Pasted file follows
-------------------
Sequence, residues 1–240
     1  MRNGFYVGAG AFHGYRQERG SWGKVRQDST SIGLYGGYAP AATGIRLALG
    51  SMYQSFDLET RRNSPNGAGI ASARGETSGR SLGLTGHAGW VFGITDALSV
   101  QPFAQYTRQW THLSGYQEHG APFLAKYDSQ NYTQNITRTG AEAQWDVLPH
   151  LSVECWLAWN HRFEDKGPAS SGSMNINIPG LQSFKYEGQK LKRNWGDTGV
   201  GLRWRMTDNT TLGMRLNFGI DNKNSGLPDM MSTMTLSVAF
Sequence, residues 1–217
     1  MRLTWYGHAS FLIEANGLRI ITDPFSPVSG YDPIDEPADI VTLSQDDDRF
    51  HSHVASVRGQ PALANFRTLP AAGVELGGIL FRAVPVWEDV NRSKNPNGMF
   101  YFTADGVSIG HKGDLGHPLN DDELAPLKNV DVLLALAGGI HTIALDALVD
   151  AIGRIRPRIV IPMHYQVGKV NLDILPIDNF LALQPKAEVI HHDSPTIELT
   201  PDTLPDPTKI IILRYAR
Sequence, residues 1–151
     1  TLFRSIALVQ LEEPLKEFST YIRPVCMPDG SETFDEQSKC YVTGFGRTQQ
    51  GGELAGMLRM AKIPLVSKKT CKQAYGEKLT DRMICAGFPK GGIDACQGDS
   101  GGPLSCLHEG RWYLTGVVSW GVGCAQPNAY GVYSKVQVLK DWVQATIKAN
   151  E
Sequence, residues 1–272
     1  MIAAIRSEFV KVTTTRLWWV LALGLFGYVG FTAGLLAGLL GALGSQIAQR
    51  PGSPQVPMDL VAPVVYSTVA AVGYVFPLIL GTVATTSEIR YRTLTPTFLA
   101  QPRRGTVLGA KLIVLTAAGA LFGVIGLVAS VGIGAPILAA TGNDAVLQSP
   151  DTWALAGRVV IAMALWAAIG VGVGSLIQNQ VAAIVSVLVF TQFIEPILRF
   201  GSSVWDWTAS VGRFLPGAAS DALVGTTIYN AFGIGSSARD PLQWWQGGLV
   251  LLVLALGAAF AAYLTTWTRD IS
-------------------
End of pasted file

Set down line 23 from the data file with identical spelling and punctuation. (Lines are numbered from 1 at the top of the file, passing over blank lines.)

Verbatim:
   201  GSSVWDWTAS VGRFLPGAAS DALVGTTIYN AFGIGSSARD PLQWWQGGLV